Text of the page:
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MP says pollution is going up because “road space is being turned over to cycle lanes"

Takes issue with local authorities’ ‘crusade to remove road space’

Speaking yesterday during a parliamentary debate, Conservative MP Sir Greg Knight became the latest politician to blame cycle infrastructure for urban congestion problems. Knight said that pollution is, “going up because pavements have got wider and road space is being turned over to cycle lanes.”

Two weeks ago, Lord Tebbit claimed that the "cause of the excess nitrous oxide in the air in this area of Westminster and along the Embankment is those wretched barricades which have been put up by the former mayor.”

The barricades in question were those, “which have been put up in order to assist cyclists – who also get in the way on the main road.”

BikeBiz reports that while enquiring when the Government’s air quality plan is likely to be published, Knight echoed Tebbit’s sentiments.

“Is there not a case — I say this with respect — for making local authorities take into account the congestion effects of their crusade to remove road space in favour of wider pavements and more cycle lanes?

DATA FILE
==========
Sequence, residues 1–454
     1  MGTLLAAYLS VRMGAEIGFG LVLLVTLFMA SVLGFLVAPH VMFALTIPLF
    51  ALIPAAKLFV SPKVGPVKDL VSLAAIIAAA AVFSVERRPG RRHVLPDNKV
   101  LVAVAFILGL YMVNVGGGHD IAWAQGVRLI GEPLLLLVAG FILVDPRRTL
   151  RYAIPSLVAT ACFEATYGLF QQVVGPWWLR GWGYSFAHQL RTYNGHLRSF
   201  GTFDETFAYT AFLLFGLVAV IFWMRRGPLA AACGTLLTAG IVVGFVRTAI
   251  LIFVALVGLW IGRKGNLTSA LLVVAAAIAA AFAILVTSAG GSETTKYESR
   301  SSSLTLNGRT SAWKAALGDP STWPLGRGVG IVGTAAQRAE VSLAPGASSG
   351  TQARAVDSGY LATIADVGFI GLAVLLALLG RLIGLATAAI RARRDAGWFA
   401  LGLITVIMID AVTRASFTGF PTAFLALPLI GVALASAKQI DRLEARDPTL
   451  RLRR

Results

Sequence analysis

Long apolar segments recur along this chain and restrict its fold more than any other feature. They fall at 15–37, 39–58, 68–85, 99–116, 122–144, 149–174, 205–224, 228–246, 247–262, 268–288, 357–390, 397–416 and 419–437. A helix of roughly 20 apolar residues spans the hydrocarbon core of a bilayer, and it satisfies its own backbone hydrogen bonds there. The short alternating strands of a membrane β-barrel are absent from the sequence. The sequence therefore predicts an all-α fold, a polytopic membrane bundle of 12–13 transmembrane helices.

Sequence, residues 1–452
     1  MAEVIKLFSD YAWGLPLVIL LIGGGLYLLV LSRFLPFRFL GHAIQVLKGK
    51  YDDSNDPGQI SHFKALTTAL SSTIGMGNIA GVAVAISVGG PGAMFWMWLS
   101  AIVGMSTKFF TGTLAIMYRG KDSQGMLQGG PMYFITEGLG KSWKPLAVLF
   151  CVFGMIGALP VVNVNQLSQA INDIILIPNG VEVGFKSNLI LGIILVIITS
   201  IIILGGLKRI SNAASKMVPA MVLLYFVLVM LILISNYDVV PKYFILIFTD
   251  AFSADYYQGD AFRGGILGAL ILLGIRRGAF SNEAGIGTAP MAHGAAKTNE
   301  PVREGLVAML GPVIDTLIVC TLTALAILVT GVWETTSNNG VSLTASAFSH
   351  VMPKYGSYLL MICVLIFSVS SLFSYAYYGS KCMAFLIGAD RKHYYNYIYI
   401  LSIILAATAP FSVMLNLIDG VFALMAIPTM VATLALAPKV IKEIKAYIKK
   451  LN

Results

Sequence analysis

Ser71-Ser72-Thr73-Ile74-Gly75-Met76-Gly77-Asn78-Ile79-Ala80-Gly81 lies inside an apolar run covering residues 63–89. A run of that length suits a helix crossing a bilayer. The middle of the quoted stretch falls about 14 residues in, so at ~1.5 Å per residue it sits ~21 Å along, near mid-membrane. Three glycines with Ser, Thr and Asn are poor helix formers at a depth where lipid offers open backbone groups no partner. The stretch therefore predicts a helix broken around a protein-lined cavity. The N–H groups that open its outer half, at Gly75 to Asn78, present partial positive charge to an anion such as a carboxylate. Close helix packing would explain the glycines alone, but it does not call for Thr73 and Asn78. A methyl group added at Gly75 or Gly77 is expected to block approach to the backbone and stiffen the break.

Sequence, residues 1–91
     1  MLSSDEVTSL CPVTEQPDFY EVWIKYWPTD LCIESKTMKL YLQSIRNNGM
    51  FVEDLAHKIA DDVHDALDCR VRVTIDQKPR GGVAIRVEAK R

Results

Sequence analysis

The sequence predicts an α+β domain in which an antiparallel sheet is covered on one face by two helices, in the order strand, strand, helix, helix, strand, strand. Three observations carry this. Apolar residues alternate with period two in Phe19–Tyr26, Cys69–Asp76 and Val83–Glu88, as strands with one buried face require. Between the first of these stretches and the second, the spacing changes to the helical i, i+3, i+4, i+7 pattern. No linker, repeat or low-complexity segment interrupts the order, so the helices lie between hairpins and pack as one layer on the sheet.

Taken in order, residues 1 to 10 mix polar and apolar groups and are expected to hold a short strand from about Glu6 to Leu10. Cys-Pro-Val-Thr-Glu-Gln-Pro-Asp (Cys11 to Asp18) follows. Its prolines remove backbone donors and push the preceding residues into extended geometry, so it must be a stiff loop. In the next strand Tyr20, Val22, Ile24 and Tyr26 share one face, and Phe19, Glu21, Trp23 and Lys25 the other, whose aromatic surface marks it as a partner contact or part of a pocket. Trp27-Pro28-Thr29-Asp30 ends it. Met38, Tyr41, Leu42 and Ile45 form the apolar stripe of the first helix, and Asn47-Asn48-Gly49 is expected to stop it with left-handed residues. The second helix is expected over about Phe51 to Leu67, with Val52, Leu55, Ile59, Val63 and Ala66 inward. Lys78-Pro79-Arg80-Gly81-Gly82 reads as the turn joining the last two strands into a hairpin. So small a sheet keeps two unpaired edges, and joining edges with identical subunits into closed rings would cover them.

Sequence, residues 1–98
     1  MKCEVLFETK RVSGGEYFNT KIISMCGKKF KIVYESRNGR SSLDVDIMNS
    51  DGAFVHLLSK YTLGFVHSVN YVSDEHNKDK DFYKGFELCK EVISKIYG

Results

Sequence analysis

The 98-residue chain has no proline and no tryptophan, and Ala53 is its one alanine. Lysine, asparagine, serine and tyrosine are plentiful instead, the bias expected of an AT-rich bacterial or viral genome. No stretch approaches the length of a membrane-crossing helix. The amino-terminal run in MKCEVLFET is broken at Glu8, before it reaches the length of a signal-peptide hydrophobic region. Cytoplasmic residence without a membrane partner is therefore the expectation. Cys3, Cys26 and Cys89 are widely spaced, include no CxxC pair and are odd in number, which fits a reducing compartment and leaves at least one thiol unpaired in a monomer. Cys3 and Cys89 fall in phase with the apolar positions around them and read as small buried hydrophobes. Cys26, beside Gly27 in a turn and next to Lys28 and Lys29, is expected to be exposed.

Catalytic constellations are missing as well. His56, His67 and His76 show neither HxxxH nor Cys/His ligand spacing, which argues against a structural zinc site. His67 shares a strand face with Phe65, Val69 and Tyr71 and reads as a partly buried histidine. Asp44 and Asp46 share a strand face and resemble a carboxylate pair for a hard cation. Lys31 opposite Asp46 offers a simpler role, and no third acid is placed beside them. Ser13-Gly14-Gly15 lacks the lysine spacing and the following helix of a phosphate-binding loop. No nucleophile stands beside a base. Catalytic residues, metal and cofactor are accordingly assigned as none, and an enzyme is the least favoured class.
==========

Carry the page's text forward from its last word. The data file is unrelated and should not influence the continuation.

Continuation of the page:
“Someone said to me the other day that there are fewer cars entering central London but that pollution is going up. Well, obviously it is going up because pavements have got wider and road space is being turned over to cycle lanes. The Mayor of London cannot have it both ways. If he wishes to reduce air pollution, he and others need to take care when they are seeking to remove highway lanes.”

Knight is a director of H&H Classics Ltd, a classic car auctions company, and also chair of the all-party parliamentary historic vehicles group.

Labour’s Rob Flello is another MP to voice similar concerns. Announcing the launch of a government inquiry into urban congestion in January, he suggested that “loss of tarmac” for cycle lanes could be a major cause of London’s congestion problems.

A 2016 INRIX report into congestion concluded that Transport for London’s £4 billion Road Modernisation Plan, together with the £15 billion Crossrail programme, would ultimately reduce congestion by 20 per cent, characterising the ongoing construction work as “short term pain for long term gain.”

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